One of the biggest mistakes startups make is ramping up too fast, resulting in spending too much time and resources on managing, and less time on building a product. Another mistake is staffing up before knowing if a product really has demand.
This is one of the lessons Brian Ascher learned after working with a number of portfolio companies as a venture capitalist at Venrock.
"Wait to fire until you see the whites in their eyes," he said. "I’ve been involved in some companies where we interpreted that early customer interest for wild customer love just ready to smother us... You scale up and before you know it you went from a 10 person company to 20 person... and you only have a handful of customers. You have to wait and see that early interest converts, and the first customers are reference-able, and that they represent a big market, not just a few early adopters with unique need."
Bottom line: Don't ramp up too soon, thinking "that you’re at the beginning of the curve, when you’re not."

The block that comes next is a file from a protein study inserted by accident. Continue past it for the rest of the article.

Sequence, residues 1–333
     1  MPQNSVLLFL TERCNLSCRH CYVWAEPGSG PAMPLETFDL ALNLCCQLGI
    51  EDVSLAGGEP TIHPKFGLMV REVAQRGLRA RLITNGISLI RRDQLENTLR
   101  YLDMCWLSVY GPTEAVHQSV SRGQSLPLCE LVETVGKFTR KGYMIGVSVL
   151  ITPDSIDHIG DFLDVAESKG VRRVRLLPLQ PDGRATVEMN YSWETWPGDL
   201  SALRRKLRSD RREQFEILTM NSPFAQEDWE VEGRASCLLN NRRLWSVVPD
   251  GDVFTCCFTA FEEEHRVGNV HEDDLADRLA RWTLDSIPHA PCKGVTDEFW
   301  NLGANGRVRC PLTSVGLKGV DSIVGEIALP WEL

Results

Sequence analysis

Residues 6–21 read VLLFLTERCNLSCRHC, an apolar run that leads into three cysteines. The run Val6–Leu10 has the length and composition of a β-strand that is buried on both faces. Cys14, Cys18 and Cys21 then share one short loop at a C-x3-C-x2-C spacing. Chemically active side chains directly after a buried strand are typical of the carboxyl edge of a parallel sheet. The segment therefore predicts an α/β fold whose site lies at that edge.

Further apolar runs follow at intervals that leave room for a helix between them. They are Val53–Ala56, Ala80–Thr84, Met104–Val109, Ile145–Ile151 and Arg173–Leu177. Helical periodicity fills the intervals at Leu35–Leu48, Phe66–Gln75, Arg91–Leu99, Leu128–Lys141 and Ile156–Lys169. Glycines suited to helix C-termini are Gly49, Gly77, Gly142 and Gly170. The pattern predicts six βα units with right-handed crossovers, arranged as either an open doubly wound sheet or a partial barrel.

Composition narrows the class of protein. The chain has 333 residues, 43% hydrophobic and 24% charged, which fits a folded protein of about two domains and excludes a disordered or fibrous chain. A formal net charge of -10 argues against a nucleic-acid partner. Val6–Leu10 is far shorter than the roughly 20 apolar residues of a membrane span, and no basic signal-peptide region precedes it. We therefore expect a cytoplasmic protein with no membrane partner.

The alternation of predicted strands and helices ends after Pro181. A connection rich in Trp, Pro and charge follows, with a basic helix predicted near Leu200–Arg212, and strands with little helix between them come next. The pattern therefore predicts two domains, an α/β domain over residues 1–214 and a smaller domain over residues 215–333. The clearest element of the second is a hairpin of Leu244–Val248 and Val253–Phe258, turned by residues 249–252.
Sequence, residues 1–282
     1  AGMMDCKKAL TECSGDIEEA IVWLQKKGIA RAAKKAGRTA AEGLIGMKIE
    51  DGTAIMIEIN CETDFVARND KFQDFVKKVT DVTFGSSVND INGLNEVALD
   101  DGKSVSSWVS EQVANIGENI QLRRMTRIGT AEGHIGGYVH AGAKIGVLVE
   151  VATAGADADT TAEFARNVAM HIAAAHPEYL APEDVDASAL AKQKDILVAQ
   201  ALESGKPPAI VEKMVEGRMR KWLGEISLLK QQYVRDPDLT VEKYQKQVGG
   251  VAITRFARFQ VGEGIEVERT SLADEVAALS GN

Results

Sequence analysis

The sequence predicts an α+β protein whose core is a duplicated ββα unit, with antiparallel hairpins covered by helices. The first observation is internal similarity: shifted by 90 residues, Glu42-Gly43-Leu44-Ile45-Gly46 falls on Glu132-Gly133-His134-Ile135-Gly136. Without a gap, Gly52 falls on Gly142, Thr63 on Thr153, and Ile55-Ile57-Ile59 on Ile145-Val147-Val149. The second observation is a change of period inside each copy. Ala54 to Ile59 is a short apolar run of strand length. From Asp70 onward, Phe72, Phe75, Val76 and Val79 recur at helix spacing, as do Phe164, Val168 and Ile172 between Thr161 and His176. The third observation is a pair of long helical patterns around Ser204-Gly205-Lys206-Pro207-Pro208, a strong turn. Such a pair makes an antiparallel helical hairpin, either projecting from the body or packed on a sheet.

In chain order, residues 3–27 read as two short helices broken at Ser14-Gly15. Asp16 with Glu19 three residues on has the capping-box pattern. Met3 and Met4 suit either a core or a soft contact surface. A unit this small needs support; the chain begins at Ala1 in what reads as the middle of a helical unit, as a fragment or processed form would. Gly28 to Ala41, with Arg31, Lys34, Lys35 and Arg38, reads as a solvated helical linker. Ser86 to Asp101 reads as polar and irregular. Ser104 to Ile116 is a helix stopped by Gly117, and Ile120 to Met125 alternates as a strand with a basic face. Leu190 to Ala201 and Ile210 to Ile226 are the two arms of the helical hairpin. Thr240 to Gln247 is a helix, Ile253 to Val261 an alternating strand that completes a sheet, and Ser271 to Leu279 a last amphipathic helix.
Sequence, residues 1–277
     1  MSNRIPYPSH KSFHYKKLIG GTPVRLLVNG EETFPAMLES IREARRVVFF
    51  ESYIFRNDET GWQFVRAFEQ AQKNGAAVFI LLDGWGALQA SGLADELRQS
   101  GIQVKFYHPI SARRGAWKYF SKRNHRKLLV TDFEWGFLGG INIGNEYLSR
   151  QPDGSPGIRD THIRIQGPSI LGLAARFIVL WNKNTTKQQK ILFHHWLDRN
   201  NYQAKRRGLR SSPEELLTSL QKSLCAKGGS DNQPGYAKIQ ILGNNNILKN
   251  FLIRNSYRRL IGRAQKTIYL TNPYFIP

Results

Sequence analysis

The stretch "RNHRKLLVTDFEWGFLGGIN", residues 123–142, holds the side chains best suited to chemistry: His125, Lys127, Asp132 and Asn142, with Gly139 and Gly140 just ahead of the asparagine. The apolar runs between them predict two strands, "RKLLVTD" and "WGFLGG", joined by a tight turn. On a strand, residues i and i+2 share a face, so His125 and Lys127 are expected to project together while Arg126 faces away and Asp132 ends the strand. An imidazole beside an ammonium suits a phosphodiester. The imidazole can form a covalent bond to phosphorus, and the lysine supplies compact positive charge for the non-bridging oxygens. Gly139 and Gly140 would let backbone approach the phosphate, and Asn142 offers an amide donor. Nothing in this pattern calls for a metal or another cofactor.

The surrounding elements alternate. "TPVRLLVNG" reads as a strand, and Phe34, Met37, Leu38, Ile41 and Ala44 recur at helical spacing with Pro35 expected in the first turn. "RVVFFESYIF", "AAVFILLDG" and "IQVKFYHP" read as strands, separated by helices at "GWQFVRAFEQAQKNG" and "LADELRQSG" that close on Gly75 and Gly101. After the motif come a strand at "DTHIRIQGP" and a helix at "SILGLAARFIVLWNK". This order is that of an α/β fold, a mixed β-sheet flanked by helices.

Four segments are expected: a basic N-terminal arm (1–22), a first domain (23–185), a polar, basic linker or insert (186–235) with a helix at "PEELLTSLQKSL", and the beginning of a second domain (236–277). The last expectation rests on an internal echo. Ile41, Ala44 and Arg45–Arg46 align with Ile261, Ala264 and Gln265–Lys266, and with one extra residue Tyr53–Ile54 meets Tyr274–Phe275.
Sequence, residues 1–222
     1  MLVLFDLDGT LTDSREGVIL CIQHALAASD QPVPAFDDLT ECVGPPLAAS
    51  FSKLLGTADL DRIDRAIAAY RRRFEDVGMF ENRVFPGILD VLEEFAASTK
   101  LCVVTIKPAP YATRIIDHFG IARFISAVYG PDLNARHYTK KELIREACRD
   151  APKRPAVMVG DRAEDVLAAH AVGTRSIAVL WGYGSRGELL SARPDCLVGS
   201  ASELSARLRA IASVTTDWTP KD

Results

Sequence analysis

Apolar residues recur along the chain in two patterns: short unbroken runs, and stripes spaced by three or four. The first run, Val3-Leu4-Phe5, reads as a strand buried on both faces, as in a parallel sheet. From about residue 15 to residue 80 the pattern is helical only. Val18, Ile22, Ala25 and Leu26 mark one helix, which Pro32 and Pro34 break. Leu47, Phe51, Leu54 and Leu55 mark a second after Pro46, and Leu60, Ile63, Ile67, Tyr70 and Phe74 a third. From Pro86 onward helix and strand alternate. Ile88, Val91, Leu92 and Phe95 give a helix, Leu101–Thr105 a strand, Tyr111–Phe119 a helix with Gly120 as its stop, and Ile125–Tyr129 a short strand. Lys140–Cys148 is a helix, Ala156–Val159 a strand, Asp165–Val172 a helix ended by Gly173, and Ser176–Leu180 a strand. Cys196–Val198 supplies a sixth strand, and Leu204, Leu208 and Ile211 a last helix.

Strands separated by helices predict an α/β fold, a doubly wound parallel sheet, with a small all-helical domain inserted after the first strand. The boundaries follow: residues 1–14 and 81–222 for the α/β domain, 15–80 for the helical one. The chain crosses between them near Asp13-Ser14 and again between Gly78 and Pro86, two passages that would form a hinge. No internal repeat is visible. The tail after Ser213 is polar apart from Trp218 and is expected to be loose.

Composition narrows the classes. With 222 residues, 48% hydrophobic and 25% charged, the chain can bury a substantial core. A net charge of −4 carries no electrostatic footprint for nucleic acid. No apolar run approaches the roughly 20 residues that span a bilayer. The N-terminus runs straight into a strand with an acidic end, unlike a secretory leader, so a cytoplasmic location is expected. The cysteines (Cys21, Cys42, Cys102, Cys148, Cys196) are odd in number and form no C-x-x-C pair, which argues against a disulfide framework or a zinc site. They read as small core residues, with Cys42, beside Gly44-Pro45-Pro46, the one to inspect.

Additionally, with no guarantees or certainty as to when the economy hits bottom, the best strategy for startups is to stay lean. We've heard that a number of times. But it's probably a good thing to hear it over and over again. "Cash is king," said Ascher. "Hunker down," he said."Everyone's going to have to work harder, work longer."
As for how to raise funds in this environment, Ascher had one of the more helpful answers I've heard.
"Combine two traits," he said. "Have a brutal sens of reality and where your challenges are combined with abundant optimism that you'll eventually get to that goal."